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Is It Possible to Overrule a Constitutional Precedent in the Egyptian Legal System?

In: Arab Law Quarterly
Authors:
Islam Ibrahim Chiha Assistant Professor of Public Law, College of Law, Qatar University Doha Qatar

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https://orcid.org/0000-0002-3474-8645
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Abdel Hafiz el-Shimy Associate Professor of Public Law, College of Law, Qatar University Doha Qatar

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Abstract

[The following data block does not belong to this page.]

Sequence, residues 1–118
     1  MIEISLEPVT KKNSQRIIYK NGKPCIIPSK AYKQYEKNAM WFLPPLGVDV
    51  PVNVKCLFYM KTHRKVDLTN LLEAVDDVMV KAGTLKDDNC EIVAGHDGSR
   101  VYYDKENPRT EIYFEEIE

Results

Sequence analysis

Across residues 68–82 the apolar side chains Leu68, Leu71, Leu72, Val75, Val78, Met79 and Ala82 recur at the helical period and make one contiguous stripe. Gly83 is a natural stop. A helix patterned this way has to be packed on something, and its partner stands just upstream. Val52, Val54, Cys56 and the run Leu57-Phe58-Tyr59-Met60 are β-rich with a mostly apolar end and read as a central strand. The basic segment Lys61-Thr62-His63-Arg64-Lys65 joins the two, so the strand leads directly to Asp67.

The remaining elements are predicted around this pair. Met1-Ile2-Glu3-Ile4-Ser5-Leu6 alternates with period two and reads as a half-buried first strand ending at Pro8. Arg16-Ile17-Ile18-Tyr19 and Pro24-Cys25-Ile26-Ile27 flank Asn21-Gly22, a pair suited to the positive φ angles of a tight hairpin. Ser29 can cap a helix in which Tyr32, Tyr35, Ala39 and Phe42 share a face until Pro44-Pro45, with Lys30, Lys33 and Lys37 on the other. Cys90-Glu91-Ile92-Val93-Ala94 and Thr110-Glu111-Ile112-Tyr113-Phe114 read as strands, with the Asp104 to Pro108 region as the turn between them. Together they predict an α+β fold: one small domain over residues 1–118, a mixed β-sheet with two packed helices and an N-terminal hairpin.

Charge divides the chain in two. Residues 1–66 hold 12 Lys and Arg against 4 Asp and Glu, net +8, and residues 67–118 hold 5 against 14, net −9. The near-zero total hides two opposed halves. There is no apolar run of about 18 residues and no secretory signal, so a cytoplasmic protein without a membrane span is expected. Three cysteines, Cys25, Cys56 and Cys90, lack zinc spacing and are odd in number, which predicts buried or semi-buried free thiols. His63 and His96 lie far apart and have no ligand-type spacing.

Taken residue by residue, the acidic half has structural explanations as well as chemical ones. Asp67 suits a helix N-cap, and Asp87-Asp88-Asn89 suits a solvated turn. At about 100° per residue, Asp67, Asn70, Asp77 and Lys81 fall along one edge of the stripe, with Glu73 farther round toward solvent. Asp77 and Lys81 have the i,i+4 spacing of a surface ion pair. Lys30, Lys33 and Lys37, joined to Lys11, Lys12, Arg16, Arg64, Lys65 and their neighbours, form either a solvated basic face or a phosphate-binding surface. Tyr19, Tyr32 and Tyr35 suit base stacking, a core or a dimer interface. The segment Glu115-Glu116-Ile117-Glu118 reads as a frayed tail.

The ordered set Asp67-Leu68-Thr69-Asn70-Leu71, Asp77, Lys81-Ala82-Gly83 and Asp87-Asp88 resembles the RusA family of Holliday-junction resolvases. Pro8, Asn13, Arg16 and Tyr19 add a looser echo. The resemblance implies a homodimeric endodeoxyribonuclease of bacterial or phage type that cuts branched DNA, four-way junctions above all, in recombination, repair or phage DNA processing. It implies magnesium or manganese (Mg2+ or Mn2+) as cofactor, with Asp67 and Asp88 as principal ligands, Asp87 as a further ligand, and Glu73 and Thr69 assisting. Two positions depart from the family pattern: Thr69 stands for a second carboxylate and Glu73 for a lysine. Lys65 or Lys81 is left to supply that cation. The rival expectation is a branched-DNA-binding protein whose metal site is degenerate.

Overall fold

This article examines the constitutionality of the Egyptian Supreme Constitutional Court’s (hereinafter SCC) authority to overrule its prior precedents. The authors argue, contrary to the assertions of the predominant conservative approach in Egypt, that bestowing the SCC with such an overruling power neither violates the Constitution nor undermines fundamental legal principles such as the principles of equality, legal certainty, or the justified expectations of litigants. Indeed, we make the argument that the Court’s ability to overrule its prior precedents seems to be the most conceivable and plausible way to correct the Court’s past mistakes or inaccuracies. We finally claim that endowing the court with such overruling power enhances the constitutional protection of fundamental rights and freedoms and strengthens the Court’s credibility not only via other public authorities, but also via public opinion.

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